various thermodynamic processes, primarily isothermal, adiabatic, polytropic, isobaric(constant

pressure) and isochoric (constant volume) processes.

A thermodynamic cycle is a series of thermodynamic processes which returns a system

to its initial state. Properties depend only on the thermodynamic state and thus do not change

over a cycle. Variables such as heat and work are not zero over a cycle, but rather are process

dependent. The first law of thermodynamics dictates that the net heat input is equal to the net

work output over any cycle. The repeating nature of the process path allows for continuous

operation, making the cycle an important concept in thermodynamics. Thermodynamic cycles

often use quasistatic processes to model the workings of actual devices

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11

JJ207-THERMODYNAMICS 1

1.2.5

equilibrium among bodies, or thermodynamic systems, in contact. Systems are in thermal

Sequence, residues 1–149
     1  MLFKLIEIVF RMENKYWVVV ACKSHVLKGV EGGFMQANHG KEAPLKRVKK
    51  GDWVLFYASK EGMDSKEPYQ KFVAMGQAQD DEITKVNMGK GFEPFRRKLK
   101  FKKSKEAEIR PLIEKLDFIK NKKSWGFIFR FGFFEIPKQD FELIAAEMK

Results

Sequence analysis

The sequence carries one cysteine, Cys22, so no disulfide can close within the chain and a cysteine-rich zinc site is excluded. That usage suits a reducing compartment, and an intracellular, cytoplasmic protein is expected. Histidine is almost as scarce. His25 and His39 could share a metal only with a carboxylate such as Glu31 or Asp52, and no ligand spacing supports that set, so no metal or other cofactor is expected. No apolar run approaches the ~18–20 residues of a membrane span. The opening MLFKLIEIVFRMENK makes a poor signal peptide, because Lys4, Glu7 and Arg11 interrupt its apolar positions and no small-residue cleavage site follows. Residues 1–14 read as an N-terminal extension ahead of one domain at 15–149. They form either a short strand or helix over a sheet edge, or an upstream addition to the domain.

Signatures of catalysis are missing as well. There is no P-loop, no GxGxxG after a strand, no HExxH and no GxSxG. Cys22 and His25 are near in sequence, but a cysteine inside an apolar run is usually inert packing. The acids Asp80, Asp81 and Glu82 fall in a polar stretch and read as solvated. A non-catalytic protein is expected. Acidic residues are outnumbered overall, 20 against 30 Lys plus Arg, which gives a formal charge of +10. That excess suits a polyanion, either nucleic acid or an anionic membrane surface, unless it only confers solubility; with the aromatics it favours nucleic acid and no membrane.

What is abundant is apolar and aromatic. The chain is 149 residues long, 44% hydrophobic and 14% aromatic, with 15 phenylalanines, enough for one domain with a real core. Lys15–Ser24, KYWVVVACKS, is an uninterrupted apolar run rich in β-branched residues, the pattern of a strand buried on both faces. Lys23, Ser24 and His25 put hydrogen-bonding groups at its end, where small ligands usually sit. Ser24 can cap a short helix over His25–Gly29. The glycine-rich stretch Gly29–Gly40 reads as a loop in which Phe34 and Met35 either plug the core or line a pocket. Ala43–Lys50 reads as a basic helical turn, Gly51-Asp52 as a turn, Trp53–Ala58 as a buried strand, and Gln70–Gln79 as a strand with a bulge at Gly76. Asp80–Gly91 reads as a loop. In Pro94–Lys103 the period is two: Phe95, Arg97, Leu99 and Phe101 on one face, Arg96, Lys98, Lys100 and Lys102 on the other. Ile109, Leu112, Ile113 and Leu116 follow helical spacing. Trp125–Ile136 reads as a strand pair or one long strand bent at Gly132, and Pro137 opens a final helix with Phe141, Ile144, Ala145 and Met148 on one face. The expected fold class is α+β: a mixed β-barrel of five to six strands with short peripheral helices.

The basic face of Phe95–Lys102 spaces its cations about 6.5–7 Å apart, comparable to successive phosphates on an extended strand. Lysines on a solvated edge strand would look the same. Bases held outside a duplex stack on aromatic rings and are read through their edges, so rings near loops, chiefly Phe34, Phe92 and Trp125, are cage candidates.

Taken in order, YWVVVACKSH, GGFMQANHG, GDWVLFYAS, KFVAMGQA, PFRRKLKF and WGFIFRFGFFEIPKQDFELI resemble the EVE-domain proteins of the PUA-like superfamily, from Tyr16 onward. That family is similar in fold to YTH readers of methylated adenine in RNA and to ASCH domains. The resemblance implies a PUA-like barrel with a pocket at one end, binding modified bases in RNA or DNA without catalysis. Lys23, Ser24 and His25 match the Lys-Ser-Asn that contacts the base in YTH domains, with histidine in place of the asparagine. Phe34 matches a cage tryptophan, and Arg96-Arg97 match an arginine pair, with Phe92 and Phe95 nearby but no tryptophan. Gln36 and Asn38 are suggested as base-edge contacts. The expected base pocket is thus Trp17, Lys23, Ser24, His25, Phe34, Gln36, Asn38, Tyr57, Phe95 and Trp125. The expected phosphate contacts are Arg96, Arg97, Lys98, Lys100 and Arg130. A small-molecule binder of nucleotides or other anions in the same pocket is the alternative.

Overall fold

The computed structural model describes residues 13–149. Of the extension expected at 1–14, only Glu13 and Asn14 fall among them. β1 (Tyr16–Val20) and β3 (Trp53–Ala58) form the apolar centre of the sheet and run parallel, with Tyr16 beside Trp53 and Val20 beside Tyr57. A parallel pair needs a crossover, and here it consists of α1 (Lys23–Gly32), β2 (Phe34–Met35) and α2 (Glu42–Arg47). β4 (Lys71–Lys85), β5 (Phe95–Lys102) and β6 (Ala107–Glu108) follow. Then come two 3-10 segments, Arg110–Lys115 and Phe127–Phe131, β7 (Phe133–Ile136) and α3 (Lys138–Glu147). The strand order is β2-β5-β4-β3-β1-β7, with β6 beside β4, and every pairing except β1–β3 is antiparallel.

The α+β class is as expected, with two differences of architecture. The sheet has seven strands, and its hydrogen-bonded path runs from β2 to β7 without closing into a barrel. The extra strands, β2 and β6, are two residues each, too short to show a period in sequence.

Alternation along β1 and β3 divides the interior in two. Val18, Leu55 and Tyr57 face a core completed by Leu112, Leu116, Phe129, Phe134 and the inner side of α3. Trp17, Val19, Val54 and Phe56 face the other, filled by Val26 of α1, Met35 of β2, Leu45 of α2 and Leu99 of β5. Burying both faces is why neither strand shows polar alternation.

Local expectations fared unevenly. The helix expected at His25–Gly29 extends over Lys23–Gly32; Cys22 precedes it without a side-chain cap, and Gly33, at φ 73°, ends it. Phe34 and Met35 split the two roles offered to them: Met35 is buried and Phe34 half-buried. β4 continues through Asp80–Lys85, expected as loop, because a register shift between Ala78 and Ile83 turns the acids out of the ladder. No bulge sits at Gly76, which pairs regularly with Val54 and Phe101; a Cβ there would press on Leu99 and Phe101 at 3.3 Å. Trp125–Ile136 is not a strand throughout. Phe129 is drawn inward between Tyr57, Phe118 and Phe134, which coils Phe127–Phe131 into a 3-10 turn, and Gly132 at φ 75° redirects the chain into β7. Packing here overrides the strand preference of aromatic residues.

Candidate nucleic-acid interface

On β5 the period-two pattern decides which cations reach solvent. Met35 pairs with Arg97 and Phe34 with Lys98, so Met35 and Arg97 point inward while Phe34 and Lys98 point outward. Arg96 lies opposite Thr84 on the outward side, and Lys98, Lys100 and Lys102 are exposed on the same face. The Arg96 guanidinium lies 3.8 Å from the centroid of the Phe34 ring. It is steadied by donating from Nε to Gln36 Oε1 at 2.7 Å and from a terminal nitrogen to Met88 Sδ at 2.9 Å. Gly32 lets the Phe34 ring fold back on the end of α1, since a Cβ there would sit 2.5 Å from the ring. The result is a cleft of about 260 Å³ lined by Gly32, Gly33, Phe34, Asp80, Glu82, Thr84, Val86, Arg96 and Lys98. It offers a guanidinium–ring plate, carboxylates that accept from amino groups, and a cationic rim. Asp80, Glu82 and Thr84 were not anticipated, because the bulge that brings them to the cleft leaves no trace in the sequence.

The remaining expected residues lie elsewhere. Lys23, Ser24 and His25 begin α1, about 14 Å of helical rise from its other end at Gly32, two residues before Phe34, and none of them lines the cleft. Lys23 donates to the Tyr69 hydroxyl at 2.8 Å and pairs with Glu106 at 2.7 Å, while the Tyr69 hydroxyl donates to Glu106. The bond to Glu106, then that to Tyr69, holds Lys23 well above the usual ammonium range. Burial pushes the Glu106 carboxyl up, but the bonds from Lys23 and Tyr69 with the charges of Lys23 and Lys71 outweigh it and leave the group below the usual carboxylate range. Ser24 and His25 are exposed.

equilibrium if they do not exchange energy in the form of heat.

The zeroths law states that if two systems are in thermal equilibrium with a third

system, then they are also in thermal equilibrium with each other.

This means that thermal equilibrium is transitive and it affords the definition of an

empirical physical parameter, called temperature, which is the same for all systems in thermal

equilibrium. The law permits the construction of a thermometer to measure this property.

A system is said to be in thermal equilibrium when it experiences no net change in thermal

energy. If A, B, and C are distinct thermodynamic systems, the zeroths law of thermodynamics

can then be expressed as:

"If A and C are each in thermal equilibrium with B, A is also in thermal equilibrium with C."

If we also grant that all thermodynamic systems are in thermal equilibrium with themselves,

then thermal equilibrium is also a reflexive relation. Relations that are both reflexive and

Euclidean are equivalence relations. One consequence of this reasoning is that thermal

equilibrium has a transitive relationship between the temperature T of A, B, and C:

If T (A) = T(B)

And T (B) = T(C)

Then T (A) = T(C).